Maybe we should have done things differently. But I think that was the only way we could do it—the only way we could put the issue of our rights, like equality to vote, on the table. The state, of course, responded quite violently. And the Civil Rights Movement degenerated into a very violent sort of confrontation with the state. And then the British army was sent in, as we thought at that stage, to protect us. Then we discovered of course, it was to protect the British government’s rights. But that changed things, it irrevocably changed me, changed everybody. When I look back at dividing lines and where things have changed in my life, it was the day that the British Army came on the streets.

Because then we lived not in a ghetto, but in a concentration camp, with check points in and out, and soldiers raiding our houses, and children who were growing up being arrested and taken into interrogation centers and picked up and shot dead. It was a war situation. People euphemistically describe it as "troubles." But it we were in a war. I can’t think of any other way to describe it. You know, if you’re living in a housing estate and the only way you can get in is through a check point with soldiers frisking you down, searching your shopping bags, and a guerrilla army is on the streets shooting at them, and they’re shooting back... And your children are going to school and getting smothered in CS gas and lying down vomiting in the streets—that’s how we lived for years. We never slept. It was really very difficult times and there’s nothing romantic or nice about it. You grow up the first time you see some 17 year old lying in the street and the blood running from his head. And you grow up when your door’s kicked in at 6 in the morning and your children are dragged out and taken away to Castlereagh. That was my life: three of my children ended up in prison for long, long periods. And two of them were in the H-Block protests. My life just turned upside down, overnight.

MT: What was your immediate response?

MN: Well, two things happened to me. The community politics went out the window, not because of the army—although the army was part of that. When the British army came on to the streets, there was a sort of a honeymoon period and they were negotiating with the Civil Rights Movement. The Civil Rights Movement was very male dominated, and the Citizens’ Action Committee was all men. The Citizens’ Action Committee actually was set up to find a role for the Catholic Church and the professional Catholic middle-class people in the city, because the Civil Rights Movement was a radical group and the church didn’t feel it had a powerful enough role there. So they set up this group called Citizens' Action Committee. Out of that came John Hume, a middle class Catholic politician, and all these other men, who were sort of dictating the pace of change—and the young people were certainly saying different. When the army came in, the army wanted to meet with all the community groups, to make their life, or their role in the community easier. And I just instinctively, without understanding, felt "no". I remember standing up at our committee meetings and saying, "Look we were not put into position by the people to take the British soldiers by hand up into our estates, we can’t do that." Our community groups divided down the middle on it. It was really sad.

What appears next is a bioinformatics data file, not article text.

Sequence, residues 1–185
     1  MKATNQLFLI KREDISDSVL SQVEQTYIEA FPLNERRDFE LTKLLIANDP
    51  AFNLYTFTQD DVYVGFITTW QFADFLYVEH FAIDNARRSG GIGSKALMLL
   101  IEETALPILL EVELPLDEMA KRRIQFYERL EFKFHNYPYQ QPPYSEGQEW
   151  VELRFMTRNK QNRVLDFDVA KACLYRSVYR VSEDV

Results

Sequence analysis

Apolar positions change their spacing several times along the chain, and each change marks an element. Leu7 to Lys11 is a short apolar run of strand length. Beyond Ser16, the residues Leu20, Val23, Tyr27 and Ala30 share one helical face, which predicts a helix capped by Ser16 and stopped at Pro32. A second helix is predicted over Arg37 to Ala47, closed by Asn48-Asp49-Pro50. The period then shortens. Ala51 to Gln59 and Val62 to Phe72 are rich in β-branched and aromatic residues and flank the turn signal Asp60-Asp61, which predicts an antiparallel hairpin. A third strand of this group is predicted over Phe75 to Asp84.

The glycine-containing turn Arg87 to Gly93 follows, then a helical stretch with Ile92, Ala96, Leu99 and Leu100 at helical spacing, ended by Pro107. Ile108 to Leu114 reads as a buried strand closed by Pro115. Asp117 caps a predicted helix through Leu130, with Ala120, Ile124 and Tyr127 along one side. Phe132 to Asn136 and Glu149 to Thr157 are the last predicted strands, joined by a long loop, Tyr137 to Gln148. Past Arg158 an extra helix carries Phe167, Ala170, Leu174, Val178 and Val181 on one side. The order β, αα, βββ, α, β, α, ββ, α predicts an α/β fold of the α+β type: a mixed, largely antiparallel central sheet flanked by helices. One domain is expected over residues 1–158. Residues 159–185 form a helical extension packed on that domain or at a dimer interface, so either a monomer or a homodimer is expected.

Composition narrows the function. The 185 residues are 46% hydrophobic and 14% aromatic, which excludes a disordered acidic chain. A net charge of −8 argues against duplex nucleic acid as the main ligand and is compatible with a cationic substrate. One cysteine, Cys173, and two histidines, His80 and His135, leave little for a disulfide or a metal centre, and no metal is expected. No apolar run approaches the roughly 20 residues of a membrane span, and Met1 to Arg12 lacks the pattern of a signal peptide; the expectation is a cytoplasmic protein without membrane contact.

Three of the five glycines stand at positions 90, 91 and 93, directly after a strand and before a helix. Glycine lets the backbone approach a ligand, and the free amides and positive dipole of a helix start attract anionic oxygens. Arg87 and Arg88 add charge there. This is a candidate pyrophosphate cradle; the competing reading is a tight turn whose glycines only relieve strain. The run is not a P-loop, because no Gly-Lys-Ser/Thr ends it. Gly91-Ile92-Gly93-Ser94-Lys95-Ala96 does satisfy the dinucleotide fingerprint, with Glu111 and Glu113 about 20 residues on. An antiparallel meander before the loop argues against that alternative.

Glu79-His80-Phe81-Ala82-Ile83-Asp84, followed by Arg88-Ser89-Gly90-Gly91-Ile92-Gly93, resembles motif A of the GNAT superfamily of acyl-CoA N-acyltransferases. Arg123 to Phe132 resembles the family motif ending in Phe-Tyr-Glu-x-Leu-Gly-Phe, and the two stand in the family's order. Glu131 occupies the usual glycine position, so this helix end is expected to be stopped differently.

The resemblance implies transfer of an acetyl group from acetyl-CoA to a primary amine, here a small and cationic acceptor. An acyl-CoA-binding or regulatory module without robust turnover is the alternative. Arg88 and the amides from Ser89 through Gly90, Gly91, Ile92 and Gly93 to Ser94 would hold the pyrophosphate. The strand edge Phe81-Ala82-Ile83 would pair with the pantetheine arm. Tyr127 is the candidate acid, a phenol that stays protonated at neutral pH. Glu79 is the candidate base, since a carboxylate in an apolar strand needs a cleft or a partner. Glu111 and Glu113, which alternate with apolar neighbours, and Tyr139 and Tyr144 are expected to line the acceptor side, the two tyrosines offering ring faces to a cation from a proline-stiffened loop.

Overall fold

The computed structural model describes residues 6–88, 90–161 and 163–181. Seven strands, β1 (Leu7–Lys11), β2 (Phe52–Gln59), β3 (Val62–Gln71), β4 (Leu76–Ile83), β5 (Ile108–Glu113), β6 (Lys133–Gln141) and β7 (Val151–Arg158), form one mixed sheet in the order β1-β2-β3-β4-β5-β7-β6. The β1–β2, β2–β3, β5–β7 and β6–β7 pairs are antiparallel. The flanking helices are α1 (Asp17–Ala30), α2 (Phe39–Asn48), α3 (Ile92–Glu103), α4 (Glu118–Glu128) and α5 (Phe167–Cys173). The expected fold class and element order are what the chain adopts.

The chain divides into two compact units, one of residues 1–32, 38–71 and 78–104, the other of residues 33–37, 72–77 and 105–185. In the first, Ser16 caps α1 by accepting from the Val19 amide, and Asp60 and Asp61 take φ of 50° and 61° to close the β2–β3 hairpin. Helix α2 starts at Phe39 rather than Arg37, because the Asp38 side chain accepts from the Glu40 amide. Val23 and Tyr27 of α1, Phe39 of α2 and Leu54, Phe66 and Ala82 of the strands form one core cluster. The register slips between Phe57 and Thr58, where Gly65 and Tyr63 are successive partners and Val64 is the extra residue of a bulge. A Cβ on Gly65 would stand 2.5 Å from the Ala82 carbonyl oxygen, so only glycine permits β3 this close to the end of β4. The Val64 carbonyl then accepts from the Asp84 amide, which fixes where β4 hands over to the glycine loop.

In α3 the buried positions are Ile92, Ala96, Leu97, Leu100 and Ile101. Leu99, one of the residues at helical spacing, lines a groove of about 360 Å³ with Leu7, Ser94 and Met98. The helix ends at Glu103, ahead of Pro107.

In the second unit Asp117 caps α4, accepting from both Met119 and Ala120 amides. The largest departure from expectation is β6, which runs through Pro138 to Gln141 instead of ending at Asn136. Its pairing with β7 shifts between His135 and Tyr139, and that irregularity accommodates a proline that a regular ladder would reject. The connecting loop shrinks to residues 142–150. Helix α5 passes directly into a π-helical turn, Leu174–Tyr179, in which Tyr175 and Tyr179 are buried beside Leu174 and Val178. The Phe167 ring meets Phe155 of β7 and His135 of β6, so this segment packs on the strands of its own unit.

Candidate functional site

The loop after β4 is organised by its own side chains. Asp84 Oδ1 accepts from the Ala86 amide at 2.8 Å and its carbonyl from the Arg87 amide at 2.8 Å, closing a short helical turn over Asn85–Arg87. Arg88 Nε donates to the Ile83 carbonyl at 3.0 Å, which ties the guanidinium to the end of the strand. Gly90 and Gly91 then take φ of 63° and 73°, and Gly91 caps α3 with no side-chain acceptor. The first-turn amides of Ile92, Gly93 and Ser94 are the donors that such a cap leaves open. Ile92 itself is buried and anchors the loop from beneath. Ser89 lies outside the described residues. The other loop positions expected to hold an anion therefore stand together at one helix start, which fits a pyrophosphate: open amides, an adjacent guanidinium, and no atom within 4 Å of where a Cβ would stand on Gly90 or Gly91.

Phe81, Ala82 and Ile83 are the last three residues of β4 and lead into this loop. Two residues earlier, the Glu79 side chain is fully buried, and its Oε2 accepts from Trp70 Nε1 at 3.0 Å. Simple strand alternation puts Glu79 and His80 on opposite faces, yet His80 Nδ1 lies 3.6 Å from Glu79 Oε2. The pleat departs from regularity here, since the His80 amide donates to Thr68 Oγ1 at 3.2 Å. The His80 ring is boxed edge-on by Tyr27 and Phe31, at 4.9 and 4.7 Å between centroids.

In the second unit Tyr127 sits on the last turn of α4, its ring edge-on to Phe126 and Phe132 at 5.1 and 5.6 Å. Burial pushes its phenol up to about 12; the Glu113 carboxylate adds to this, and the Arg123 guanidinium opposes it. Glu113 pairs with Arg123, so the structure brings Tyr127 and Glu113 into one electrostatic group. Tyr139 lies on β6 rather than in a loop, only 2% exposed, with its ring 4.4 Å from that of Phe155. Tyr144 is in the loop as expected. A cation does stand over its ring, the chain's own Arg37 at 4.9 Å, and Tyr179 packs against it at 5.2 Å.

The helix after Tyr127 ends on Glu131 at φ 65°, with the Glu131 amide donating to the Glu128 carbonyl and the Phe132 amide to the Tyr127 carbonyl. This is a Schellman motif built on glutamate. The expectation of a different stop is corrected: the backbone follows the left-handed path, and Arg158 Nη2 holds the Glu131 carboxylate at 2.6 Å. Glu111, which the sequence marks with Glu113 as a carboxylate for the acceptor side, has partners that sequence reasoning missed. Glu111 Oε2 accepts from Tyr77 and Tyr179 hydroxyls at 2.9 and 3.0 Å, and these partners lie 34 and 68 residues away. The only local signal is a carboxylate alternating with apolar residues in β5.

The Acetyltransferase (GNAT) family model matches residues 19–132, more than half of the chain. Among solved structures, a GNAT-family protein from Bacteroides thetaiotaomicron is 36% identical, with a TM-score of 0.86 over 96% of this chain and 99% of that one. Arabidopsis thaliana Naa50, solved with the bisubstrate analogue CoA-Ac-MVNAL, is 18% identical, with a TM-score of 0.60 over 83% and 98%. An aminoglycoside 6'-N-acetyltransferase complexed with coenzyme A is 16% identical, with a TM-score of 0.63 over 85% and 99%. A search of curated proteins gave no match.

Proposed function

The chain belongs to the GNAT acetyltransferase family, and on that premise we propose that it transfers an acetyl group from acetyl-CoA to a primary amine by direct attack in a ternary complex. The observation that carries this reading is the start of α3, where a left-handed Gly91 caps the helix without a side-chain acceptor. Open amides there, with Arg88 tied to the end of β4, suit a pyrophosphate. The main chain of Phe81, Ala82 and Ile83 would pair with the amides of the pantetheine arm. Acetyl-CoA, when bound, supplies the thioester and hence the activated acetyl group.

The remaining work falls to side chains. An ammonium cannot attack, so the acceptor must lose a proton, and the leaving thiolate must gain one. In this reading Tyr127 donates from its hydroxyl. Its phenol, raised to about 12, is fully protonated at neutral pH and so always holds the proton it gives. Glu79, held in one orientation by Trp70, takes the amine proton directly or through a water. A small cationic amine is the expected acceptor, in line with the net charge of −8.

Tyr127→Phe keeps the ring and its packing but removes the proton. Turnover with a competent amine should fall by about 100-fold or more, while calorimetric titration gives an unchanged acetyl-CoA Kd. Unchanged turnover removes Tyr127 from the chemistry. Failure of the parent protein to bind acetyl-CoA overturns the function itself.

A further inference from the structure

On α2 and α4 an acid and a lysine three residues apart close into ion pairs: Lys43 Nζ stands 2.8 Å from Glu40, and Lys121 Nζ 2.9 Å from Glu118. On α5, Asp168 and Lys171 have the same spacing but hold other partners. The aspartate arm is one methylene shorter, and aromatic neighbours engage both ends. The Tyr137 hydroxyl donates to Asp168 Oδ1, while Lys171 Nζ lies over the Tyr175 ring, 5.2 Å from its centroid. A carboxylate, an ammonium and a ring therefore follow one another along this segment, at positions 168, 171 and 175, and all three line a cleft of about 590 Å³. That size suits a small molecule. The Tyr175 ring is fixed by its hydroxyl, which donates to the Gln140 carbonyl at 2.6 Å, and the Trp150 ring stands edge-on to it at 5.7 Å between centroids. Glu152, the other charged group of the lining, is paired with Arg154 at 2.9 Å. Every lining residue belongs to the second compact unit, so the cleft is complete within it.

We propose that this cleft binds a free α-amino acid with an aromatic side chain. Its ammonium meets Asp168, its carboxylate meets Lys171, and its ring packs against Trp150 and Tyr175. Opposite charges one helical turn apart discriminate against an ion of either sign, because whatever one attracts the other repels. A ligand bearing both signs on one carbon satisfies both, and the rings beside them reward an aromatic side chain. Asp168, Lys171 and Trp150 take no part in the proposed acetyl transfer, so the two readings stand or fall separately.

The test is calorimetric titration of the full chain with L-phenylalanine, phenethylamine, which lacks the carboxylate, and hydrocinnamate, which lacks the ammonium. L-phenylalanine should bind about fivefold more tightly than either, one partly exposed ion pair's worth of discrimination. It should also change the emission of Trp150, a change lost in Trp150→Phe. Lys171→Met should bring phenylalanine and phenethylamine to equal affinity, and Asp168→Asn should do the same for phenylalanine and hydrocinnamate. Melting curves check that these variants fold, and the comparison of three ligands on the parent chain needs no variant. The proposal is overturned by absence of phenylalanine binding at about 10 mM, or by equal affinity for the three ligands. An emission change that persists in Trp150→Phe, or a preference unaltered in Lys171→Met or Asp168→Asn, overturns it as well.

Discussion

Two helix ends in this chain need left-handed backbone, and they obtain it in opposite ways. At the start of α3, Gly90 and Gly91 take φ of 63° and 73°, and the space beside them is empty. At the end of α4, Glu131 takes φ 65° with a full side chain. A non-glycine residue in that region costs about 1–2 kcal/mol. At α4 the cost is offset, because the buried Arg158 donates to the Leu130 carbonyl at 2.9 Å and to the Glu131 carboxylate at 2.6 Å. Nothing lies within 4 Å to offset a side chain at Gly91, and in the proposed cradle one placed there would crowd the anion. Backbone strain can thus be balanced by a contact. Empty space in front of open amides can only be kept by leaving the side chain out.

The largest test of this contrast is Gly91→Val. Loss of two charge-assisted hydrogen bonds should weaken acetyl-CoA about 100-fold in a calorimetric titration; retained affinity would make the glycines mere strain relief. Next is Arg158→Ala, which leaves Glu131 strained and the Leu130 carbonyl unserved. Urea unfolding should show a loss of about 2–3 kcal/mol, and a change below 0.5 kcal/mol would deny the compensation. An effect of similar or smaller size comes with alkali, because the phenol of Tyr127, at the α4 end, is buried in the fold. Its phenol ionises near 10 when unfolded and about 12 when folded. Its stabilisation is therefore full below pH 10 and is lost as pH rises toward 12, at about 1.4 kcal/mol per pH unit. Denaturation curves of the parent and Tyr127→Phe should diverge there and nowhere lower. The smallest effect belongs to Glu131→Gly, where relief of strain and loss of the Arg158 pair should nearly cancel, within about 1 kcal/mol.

And for the first time I sort of came to an understanding that what I had been doing over the years was not actually working with the people but for them, in a very elitist sense. That whatever power I was beginning to understand and learn about myself, I wasn’t sharing that power, I wasn’t empowering the rest of the community. I discovered that community groups, just like all other groups, can become an elite. So I left and resigned. And I became active in deposing the soldiers—and eventually, when one of my sons got arrested—

Now, in between, I decided that I would try and pick up an education that I never had. I left school when I was 14 and never had any education except at a primary school level. So I enrolled. I think I was the first woman in Creggan to ever enroll at the local university. And I loved it. It was just great to go back to school and learn. And then my son got killed. I found it really hard after he died. He wasn’t killed in the Troubles. He was killed in a very simple road accident. He was my eldest son. I found it very hard to concentrate after his death, and I think it was probably grieving. I didn’t recognize it as such then. I didn’t know what was wrong with me, and so I opted out of the course. But I had learned enough during that year to realize how good it was to acquire knowledge, if nothing else just for yourself. Then my son got arrested, my second son. That was really bad times, 1976, when the British government had decided to remove political recognition from prisoners. He went on a protest that was on in Long Kesh, and he was on it almost until 1981, till the Hunger Strike. And I did what I always did. I just felt, "This is not right."

So myself and two other women, we went and stood in front of the Bishop’s door naked, because that’s the way our sons were. We took off our clothes. We just stood outside the Bishop’s door with blankets draped around our shoulders, naked. The Bishop was furious. It was called the first "blanket protest," it was called. Some man came along with a camera and took photographs which appeared in all the papers. What we were trying to do was put the issue of the treatment of our husbands and sons in prisons on the agenda because there was a wall of silence. The church had thrown its lot in with the SDLP [Social Democratic and Labour Party, the centrist, middle-class Nationalist party] and the State, as the church does, to preserve the institution. And I left it. The entire family—I mean I was brought up very strict Catholic—we all left the church. We would have with nothing to do with them.